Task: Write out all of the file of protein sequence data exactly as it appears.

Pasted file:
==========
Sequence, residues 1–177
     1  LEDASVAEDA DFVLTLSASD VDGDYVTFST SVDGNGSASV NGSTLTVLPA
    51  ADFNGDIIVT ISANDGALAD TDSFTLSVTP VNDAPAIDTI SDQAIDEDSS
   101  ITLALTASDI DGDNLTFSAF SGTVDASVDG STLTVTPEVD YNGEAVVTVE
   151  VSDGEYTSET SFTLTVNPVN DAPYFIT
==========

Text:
Sequence, residues 1–177
     1  LEDASVAEDA DFVLTLSASD VDGDYVTFST SVDGNGSASV NGSTLTVLPA
    51  ADFNGDIIVT ISANDGALAD TDSFTLSVTP VNDAPAIDTI SDQAIDEDSS
   101  ITLALTASDI DGDNLTFSAF SGTVDASVDG STLTVTPEVD YNGEAVVTVE
   151  VSDGEYTSET SFTLTVNPVN DAPYFIT